Robotic Retroperitoneal Lymph Node Dissection for Testicular Cancer

Feasibility and Latest Outcomes

Harsha R. Mittakanti; James R. Porter


Curr Opin Urol. 2019;29(2):173-179. 

In This Article

Abstract and Introduction


Purpose of review: Robotic-assisted laparoscopic retroperitoneal lymph node dissection (R-RPLND) is gaining acceptance as an alternative to open and laparoscopic RPLND for the treatment of testicular cancer. We discuss the current state of R-RPLND and summarize the latest relevant literature regarding the feasibility of this operation.

Recent findings: R-RPLND has been utilized effectively for both treatment of high-risk, clinical stage I testicular cancer as well as in the postchemotherapy setting. The feasibility of R-RPLND has been established with complication rates comparable to open RPLND and with decreased postoperative hospital stay and blood loss.

Summary: As R-RPLND continues to evolve and experience grows in high-volume centers, more information will be gained regarding long-term oncologic outcomes. Ultimately, head-to-head trials comparing R-RPLND to open RPLND will be needed to determine the role of R-RPLND in the treatment of testicular cancer.


Testicular cancer is the most common solid tumor malignancy in men aged 20–44.[1] Treatment is highly successful across all stages, and choice of therapy is often predicated on the basis of the potential side-effects of treatment. Retroperitoneal lymph node dissection (RPLND) is an established treatment option for patients with high-risk clinical stage I and low-volume clinical stage II nonseminomatous germ-cell tumor (NSGCT). RPLND is also indicated for the removal of postchemotherapy masses more than 1 cm in tumor-marker-negative NSGCT and can be considered in patients with seminoma harboring postchemotherapy masses more than 3 cm with positron emission tomography avidity.[2,3] RPLND has also been utilized as primary treatment for low-volume, low-stage seminoma, although ultimate outcomes are yet to be determined.[4]

Many men opt for chemotherapy or active surveillance in clinical stage I NSGCT because of concerns regarding the morbidity of open RPLND (O-RPLND). Chemotherapy, however, can have significant toxicities,[5,6] including long-term cardiopulmonary issues, infertility, and risk for secondary malignancies.[7] These long-term effects may be even more pronounced in the adolescent population, in which testicular germ-cell tumors are the most common solid tumors.[8]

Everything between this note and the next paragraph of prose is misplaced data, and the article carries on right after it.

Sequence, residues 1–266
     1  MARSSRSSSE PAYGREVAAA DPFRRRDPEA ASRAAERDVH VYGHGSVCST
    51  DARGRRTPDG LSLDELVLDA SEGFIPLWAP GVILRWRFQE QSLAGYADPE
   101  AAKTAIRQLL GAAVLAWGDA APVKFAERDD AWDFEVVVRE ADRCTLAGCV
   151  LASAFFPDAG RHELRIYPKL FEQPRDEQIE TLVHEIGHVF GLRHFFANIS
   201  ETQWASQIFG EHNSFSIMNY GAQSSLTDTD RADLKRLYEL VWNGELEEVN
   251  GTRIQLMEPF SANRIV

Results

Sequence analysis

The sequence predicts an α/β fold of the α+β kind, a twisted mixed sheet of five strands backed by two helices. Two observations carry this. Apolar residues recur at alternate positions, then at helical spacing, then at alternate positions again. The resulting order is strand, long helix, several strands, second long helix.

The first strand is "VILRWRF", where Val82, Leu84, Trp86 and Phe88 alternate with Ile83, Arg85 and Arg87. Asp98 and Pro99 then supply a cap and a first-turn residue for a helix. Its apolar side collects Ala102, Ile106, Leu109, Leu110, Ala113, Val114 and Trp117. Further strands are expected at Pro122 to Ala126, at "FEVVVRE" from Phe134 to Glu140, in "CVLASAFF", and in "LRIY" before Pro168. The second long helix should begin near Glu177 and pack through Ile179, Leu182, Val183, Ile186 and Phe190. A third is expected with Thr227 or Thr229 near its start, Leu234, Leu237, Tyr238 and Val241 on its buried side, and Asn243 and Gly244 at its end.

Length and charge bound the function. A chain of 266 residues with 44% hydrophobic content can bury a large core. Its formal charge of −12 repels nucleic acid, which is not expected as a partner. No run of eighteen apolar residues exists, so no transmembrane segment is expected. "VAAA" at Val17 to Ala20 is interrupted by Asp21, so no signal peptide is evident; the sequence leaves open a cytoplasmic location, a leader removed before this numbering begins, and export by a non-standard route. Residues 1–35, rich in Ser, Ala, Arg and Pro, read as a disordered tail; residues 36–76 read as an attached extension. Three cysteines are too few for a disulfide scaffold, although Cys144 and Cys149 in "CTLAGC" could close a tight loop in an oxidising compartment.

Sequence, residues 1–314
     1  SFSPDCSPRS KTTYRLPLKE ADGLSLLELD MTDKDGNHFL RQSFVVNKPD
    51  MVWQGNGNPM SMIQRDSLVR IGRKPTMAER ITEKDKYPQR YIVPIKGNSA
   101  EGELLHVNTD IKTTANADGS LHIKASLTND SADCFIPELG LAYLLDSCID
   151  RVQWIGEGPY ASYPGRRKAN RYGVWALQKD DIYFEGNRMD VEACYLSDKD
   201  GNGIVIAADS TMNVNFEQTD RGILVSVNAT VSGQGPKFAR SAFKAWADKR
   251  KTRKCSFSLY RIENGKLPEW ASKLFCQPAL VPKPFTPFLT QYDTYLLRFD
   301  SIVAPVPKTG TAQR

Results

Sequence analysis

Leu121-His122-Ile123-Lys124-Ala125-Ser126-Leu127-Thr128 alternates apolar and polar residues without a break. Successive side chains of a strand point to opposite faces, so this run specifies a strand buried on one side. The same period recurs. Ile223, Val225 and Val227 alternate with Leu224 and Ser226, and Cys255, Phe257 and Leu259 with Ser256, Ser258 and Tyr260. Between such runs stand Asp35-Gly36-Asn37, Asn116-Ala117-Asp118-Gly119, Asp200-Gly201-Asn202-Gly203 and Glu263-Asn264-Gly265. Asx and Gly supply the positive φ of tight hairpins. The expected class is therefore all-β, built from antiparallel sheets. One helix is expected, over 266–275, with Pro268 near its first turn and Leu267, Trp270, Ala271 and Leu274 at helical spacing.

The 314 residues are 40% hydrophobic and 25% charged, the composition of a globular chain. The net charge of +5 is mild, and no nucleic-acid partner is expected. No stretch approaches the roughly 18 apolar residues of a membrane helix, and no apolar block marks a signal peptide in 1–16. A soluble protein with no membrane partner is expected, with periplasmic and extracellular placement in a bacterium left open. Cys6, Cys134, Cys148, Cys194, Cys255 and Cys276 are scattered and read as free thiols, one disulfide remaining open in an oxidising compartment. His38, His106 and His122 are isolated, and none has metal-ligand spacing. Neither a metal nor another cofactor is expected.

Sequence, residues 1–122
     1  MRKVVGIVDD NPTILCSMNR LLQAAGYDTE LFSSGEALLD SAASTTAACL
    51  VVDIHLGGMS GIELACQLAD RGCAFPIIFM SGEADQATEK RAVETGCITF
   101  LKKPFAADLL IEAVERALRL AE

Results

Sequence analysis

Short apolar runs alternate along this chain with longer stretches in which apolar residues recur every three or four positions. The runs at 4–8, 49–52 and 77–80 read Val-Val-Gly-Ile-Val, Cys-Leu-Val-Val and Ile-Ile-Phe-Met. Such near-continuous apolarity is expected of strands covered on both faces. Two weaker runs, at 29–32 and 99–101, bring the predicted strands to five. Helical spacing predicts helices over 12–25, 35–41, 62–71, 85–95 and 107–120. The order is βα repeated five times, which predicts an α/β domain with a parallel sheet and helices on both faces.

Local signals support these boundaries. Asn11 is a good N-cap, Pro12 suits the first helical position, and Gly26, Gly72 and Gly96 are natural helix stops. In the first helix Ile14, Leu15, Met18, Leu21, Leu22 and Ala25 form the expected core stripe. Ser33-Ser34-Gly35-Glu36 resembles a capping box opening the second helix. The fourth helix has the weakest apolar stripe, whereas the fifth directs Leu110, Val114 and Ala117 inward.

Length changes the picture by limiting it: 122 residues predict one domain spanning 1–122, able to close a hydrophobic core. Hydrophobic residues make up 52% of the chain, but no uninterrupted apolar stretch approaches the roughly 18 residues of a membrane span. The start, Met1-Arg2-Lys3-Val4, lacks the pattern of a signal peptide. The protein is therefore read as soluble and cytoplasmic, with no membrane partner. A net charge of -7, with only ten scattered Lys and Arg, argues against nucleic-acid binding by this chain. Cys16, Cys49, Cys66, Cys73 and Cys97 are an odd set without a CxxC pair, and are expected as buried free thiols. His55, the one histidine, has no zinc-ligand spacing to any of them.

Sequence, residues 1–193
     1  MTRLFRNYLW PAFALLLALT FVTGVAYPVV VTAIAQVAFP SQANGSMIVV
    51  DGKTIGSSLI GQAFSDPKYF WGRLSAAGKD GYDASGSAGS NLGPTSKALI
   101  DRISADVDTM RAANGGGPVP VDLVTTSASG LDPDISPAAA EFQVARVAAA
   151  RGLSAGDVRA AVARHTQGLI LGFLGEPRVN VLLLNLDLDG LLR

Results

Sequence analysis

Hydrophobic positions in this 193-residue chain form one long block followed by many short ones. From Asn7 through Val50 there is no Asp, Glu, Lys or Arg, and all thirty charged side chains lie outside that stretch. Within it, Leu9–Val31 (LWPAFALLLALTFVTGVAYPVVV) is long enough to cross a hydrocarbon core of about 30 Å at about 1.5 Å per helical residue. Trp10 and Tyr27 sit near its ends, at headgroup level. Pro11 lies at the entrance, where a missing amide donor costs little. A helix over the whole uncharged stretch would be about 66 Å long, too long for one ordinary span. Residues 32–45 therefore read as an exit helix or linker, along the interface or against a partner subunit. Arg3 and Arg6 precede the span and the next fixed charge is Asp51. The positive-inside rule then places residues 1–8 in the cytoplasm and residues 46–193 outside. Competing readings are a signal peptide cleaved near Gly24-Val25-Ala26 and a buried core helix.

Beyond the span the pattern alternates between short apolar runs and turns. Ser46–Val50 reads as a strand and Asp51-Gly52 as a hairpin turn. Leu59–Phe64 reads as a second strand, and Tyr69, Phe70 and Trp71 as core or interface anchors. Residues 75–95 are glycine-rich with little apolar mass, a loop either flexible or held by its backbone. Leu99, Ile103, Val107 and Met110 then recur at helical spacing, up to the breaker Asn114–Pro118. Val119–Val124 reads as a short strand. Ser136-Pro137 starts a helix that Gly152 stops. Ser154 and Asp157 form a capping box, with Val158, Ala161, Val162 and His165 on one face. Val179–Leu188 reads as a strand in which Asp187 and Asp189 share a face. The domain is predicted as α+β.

Laparoscopic RPLND (L-RPLND) was introduced in 1992 as a way to perform RPLND while minimizing the morbidities associated with the open approach.[9] Studies have demonstrated equivalent survival rates; however, critics have voiced concerns regarding shorter follow-up periods with L-RPLND, high rates of postoperative chemotherapy for positive masses, and the lack of dissection posterior to the great vessels leading to lower lymph node yields.[10,11]

Robotic RPLND (R-RPLND) was first performed in 2006,[12] and the safety and feasibility of this approach have been demonstrated by other investigators.[13,14] The robotic platform provides superior vision with three-dimensional optics (compared with the traditional two-dimensional view of a laparoscope) and improved dexterity with instruments containing articulating joints allowing for superior precision. Owing to these benefits, the robotic approach has improved many laparoscopic procedures and is now the preferred method for prostatectomy and partial nephrectomy. The early experience with R-RPLND has demonstrated reduced patient morbidity compared with O-RPLND and superior vascular control compared with L-RPLND.

There have been limited studies examining outcomes of R-RPLND performed by experienced robotic surgeons at centers of excellence. This field is one that continues to evolve as familiarity with the procedure increases. This report will review the feasibility of R-RPLND and the progression of our surgical technique. Additionally, it will examine the current literature (published from January 2017 to July 2018) that addresses R-RPLND.